11 Responses to India Balks at Hillary Clinton’s Carbon Reduction Talk, Questions Global Warming Science

    1. Steve M, Michigan says:

      Has anybody noticed that the average temperature of Mars has increased by approximately 2.3 degrees Celsius over the last several decades. Please feel free to check my facts. Also, has anybody noticed the amount of large scale industrial complexes on Mars? Maybe it's Bush's fault.


    3. albert,campbellsvill says:

      Perhaps we should look to india and china that seens to be where all our jobs are.And guess what alot more will be there with hussein chasing business overseas at record numbers,they cant prosper in this far left environment.

    4. Michael Labriola says:

      Please invstigate natural gas cars as they are much more environmentaly cleaner and also nuclear as we can become more energy independant.

      Thank you.

    5. TonyfromOz, Queensla says:

      There is one thing in this whole argument that people fail to take into account when it comes to China and India.

      In the US, electrical power is split up fairly evenly three ways with Residential, Industrial, and Commercial, with residential the (slight) biggest.

      In China and also India, the power that they generate goes around 80% Industrial, 10% Commercial, and only 10% to the residential sector.

      This effectively means that almost one billion people in China, and around the same in India have no access to electrical power whatsoever, let alone a constant and regulated supply that we take so much for granted.

      All China and India are doing is trying to build coal fired power plants and bringing them on line at the rate of one every seven days, so that they can give their people what we already have, that access to electrical power.

      For political grandstanding for the sake of a perceived 'green' vote, those now in power are seeking to make emissions deals that will effectively consign those 2 Billion people to a life without the electricity we have, and now wish to deny them.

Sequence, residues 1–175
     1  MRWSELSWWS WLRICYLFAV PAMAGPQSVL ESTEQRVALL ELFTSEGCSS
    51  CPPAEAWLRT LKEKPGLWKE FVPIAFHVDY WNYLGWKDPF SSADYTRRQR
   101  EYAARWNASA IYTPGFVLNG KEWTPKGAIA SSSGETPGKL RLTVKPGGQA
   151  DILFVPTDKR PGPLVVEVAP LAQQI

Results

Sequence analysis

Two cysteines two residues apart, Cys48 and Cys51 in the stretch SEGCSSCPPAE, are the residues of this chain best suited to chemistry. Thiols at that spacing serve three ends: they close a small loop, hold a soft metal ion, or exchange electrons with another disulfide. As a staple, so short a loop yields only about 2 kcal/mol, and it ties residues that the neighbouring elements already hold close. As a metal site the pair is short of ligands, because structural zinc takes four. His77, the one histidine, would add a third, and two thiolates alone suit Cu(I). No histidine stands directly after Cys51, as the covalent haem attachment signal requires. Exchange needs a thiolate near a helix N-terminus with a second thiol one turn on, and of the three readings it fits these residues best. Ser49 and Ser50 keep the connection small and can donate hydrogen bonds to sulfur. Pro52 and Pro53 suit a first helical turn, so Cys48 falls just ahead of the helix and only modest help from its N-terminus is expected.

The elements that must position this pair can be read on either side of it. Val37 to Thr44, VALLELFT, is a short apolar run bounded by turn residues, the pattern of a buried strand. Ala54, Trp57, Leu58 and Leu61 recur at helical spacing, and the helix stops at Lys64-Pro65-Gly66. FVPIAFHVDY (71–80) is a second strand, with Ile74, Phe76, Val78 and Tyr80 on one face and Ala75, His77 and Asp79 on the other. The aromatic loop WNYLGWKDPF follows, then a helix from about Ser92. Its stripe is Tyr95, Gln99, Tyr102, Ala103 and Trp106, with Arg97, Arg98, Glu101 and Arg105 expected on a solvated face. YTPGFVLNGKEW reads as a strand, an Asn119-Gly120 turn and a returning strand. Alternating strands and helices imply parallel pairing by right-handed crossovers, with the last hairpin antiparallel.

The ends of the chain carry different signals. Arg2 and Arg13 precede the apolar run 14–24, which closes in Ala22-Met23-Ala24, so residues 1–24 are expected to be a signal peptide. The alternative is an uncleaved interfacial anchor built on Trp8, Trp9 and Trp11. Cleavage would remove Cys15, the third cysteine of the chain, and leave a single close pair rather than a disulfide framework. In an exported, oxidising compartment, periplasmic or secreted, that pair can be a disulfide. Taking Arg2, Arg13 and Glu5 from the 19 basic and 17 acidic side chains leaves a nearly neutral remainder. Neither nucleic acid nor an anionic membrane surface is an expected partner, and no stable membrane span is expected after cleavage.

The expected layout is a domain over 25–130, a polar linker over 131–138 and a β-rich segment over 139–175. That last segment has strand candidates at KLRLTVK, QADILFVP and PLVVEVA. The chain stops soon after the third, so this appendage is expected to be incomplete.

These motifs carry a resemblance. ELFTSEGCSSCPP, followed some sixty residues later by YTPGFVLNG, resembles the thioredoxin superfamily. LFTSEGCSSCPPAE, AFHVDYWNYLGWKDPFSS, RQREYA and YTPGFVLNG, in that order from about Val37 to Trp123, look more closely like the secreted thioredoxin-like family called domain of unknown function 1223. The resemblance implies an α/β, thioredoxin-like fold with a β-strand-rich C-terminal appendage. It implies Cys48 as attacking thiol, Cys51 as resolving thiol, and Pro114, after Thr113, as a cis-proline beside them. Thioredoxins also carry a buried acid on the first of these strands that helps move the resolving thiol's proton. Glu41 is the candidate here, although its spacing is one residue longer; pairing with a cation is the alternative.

6. Spiritof76 says:

      I am glad to see that India and China are debunking the Cap and Trade (Porky and Melarkey Bill)scam.

      We need to get rid of the socilaists within the Democratic Party and from ever occupying any seat in the US Congress or any State legislature.

    7. Pingback: PA Pundits - International

    8. sara, ontario says:

      pardon my ignorance, but what language do they speak in india? see, i know my sons will need to immigrate there some day in order to be able to make a living and provide for their families so i'd like them to learn the language now to avoid any hassle that might cause them in their immigration process.

    9. Linda J Hutchinson says:

      The biggest problem with this whole issue is that the biggest polluters in the world will be allowed to continue being the biggest polluters in the world because the whole system is corrupt.

      It isn't our backyard gardens causing global warming. Actually, we're in a "cooling phase", which proponents of Cap and Tax refuse to acknowledge.

      Stop the wealthy industrialists from polluting first, with no fraud, no kickbacks, no racketeering, no corruption. Then, talk to us "little people" about what we can do.

      Again, it is our corrupt elected officials who are at the core and we'll be cleaning house in 2010!

    10. albert campbellsvile says:

      I love this Indian guy can I vote for him

    11. Pingback: The Magic Disappearing Data « Pond’rings

    Comments are subject to approval and moderation. We remind everyone that The Heritage Foundation promotes a civil society where ideas and debate flourish. Please be respectful of each other and the subjects of any criticism. While we may not always agree on policy, we should all agree that being appropriately informed is everyone's intention visiting this site. Profanity, lewdness, personal attacks, and other forms of incivility will not be tolerated. Please keep your thoughts brief and avoid ALL CAPS. While we respect your first amendment rights, we are obligated to our readers to maintain these standards. Thanks for joining the conversation.

    Big Government Is NOT the Answer

    Your tax dollars are being spent on programs that we really don't need.

    I Agree I Disagree ×

    Get Heritage In Your Inbox — FREE!

    Heritage Foundation e-mails keep you updated on the ongoing policy battles in Washington and around the country.